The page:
Originale, composer Karl-Heinz Stockhausen’s 1961 music and theater work, written in collaboration with artist Mary Bauermeister, is typically called a response to the “happening.” Placing Stockhausen’s infamous composition Kontackte—music both pre-recorded and live that breaks conventional musical structures and tone and textures—at its physical center, Originale uses a written “score” of rudimentary timed instructions to give form to spontaneous enactment in place of familiar theatrical modes. Music and actions are performed by professionals and non-professionals, and observed by an audience free to move around during the production. Re-staged infrequently, it recently turned up in a two-day run in New York, co-produced by The Kitchen and the Goethe-Institut, 50 years after it’s New York performance.
What questions arose in deciding how to re-stage something that depended on improvised enactment of brief directives tied to a temporal structure, re-staged from a time when “happenings” resonated to a current moment when they don’t at all? What survived of the original and what didn’t? More importantly, what should have survived? Might a more “authentic” re-staging have involved some sort of reproduction of the original, based on extant documentation, rather than an updating? Would a “dated” reconstruction have actually been more “true” to the original? Or does the improvisational aspect of the work preclude the option of a “vintage” re-staging?
Some period photographs and film footage and descriptions and reviews of the 1964 New York production survive, but in any case, a time-based, partly spontaneous work in-the-round can only be elliptically captured on film, even with a roving camera and montage editing. To wit the beautifully evocative little black and white film (Peter Moore and others) of the 1964 New York staging directed by Allan Kaprow at New York’s Judson Church. How much the audience moves around in the 1964 production is impossible to ascertain, especially since the camera seems to try to represent mostly performance activity, rather than audience. But you can peruse the audience’s affect and hear their titilated laughter at several points, like when a costumed character walks through the space with huge dangling stuffed penis and balls.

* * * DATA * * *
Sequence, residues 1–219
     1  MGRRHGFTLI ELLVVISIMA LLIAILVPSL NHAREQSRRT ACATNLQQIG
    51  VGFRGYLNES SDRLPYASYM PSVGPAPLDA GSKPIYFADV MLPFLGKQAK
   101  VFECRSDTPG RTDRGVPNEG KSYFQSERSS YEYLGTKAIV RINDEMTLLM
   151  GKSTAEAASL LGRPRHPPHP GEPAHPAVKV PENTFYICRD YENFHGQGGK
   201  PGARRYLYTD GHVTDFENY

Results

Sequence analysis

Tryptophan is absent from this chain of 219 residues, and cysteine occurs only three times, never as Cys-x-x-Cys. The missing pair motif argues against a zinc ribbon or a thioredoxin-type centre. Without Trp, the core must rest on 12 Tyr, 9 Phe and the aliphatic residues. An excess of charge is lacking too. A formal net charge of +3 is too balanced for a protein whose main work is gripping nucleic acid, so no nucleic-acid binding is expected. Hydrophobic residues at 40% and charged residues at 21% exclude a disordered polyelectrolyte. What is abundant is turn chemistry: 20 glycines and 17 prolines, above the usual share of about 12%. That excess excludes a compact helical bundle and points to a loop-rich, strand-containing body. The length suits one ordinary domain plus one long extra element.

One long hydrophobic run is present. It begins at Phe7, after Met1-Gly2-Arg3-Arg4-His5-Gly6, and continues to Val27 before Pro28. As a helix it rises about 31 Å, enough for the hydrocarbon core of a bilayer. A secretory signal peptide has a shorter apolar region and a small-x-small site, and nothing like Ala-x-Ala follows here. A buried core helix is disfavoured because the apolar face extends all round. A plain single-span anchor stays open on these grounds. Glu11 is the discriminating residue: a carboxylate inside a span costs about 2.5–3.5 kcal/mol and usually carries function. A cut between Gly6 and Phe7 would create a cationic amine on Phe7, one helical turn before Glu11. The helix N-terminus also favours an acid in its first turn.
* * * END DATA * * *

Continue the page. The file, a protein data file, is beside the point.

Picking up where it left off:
Laughter and a kind of joyful dismay can be heard when various performers indulge in the absurd, or at least what registered as absurdity in 1964, such as when one character retreats into a space under the stage. Absurdity depends on the presentation of the unexpected, and in 1964 that inversion was not predictable. At The Kitchen, this space-man- or bee-keeper-like flasher seems to have been brought into the present through other kinds of excess – physical volume that distorted the body, screechingly surreal statements, mental instability, gender indeterminacy…and no audience reaction was audible or visible to me.